Professor Vaillancourt wants to open the eyes of his readers to the “big picture” of Scripture by showing that it is necessary to understand how the sins of mankind required a Redeemer. However, redemption required preparation, and so we have the history of the first Israel, the physical descendants of Abraham, Isaac and Jacob given to the New Israel that we might see the unfolding of God’s plan.

This book would be useful for anyone who does not have an in depth understanding of the Pentateuch. There are also questions at the end of each chapter which would make it useful for confirmation classes or young adult classes.


The Lutheran Ladies received a free copy of this book in return for a fair and honest review. If you would like to purchase a copy, follow the link below:

For more book reviews see these posts:

I’d Like You More if You Were More Like Me by John Ortberg–Book Review

Letter to the American Church by Eric Metaxas–Book Review

The Surprising Power of Joy by Roland Morton — Book Review

A Christmas Day Quote

“For this day the ancient slavery is ended, the devil confounded, the demons take to flight, the power of death is broken, paradise is unlocked, the curse is taken away, sin is removed from us, error driven out, and the truth has been brought back.”

John Chrysostom

For more Christmas quotes see:

What Martin Luther said about Christmas

The Hope of Christmas

Martin Luther on Christmas #2

Frederick Buechner on Christmas

” It is impossible to conceive how different things would have turned out if that birth had not happened whenever, wherever, however it did … for millions of people who have lived since, the birth of Jesus made possible not just a new way of understanding life but a new way of living it. It is a truth that, for twenty centuries, there have been untold numbers of men and women who, in untold numbers of ways, have been so grasped by the child who was born, so caught up in the message he taught and the life he lived, that they have found themselves profoundly changed by their relationship with him.”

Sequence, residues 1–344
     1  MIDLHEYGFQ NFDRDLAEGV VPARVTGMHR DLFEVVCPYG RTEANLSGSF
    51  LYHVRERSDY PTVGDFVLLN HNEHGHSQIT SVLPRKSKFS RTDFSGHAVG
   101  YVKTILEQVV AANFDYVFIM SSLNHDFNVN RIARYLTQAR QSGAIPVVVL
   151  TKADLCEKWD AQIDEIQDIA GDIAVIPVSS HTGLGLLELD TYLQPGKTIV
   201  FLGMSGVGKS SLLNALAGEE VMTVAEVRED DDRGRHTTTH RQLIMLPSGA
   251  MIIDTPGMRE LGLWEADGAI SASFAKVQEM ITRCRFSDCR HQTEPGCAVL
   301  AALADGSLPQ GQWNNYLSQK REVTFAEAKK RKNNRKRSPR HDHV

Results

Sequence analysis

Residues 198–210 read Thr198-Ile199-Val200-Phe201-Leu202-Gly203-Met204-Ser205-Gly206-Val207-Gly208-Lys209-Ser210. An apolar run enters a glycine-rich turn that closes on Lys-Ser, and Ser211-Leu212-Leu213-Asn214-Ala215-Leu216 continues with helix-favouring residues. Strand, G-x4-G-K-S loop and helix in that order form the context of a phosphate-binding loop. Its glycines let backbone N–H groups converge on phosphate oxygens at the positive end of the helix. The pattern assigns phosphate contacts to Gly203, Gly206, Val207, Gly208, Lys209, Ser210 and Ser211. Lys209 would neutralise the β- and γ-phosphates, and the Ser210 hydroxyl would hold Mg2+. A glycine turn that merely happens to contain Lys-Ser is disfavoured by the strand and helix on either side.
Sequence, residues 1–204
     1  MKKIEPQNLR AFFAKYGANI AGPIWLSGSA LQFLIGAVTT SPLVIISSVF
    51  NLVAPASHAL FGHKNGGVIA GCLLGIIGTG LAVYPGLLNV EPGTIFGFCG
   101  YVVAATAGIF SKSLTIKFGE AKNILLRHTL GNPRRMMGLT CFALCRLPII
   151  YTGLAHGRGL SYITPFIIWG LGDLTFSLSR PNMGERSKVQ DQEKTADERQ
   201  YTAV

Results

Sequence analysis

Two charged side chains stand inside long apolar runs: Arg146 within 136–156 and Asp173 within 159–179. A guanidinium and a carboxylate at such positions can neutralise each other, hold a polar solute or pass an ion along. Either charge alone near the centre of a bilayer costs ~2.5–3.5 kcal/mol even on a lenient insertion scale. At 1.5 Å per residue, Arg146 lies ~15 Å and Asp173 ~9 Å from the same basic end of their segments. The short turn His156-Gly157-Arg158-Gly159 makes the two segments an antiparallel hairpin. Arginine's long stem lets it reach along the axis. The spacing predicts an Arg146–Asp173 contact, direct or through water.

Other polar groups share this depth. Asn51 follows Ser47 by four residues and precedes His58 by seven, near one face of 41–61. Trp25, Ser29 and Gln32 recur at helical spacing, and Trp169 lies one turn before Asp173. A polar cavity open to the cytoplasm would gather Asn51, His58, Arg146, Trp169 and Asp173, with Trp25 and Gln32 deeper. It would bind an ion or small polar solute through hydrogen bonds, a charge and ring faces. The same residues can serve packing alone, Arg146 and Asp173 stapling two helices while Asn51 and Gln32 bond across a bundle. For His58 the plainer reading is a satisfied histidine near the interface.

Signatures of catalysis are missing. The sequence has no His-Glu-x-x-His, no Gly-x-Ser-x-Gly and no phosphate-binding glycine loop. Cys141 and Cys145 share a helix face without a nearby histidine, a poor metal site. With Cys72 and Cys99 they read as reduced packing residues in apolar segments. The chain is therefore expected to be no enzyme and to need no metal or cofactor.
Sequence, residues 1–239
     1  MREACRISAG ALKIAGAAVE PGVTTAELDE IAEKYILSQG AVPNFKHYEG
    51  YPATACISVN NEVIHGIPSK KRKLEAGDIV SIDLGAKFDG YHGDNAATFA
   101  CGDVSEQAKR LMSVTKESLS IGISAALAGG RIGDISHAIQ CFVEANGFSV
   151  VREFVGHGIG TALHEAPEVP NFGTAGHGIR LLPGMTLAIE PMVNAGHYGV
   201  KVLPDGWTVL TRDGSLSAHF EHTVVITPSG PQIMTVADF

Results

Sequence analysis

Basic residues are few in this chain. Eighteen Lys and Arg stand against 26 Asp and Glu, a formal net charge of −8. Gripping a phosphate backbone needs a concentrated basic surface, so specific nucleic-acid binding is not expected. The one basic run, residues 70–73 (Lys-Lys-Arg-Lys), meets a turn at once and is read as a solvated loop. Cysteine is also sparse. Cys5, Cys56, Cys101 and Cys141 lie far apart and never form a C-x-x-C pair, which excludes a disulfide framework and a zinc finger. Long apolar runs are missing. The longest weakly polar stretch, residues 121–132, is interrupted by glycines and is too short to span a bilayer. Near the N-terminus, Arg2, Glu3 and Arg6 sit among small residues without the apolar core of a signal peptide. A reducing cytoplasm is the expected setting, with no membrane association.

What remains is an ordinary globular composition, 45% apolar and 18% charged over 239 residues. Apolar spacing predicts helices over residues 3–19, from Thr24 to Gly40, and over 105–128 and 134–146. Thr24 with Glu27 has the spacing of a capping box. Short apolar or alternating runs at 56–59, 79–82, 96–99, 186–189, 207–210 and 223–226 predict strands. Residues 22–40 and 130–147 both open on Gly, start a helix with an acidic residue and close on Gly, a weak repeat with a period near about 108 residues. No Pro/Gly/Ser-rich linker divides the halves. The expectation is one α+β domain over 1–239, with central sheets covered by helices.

Frederick Buechner

For more Frederick Buechner quotes see:

What Am I Here For?

Let Your Spiritual Gifts S–T–R–E–T–C–H You

Another Advent Hymn

The hymns of Advent prepare us for the coming of Christ, just as the words of the sermon do. This hymn is another favorite of mine — it reminds us to rejoice. This is a message we need to hear at a time when we become easily distracted by the glitz and glitter of a commercialized Christmas. This counterfeit joy drains our energy and leaves us with nothing when the season ends. Enjoy the true joy of knowing Christ and the redemption He brings.

For more Advent hymns see:

An Advent Hymn

Hopeful Hymn #3

O Come

Advent and the Advent Wreath

This information was included in a recent church bulletin, and I found it informative and interesting, so I decided to share it with our readers.

Advent specifically focuses on Christ’s “coming,” but Christ’s coming manifests itself among us in three ways — past, present, and future.

The readings which highlight Christ’s coming in the past focus on the Old Testament prophecies of his incarnation at Bethlehem. The readings, which highlight Christ’s coming in the future, focus on his “second coming” on the Last Day at the end of time. The readings that highlight Christ’s coming in the present focus on his ministry among us through Word and Sacrament today.

The traditional use of Advent candles (sometimes held in a wreath) originated in Eastern Germany prior to the Reformation. As this tradition came down to us by the beginning of this century, it involved three purple candles and one pink candle.

The purple candles matched the purple paraments on the altar (purple for the royalty of the coming King). The pink candle was the third candle to be lit on Gaudete Sunday, the Third Sunday of Advent. “Gaudete” means “Rejoice” in Latin which is taken from Philippians 4:4. (“Rejoice!…The Lord is near.”). Hence a pink candle was used to signify rejoicing. Some include a white “Christ candle” in the middle to be lit during the 12 days of Christmas (Dec. 25-Jan. 5).

For more about Advent, see these posts:

No Advent Wreath?

Advent – Part 2 – The Wreath

“Hello – It Is Not Christmas Yet”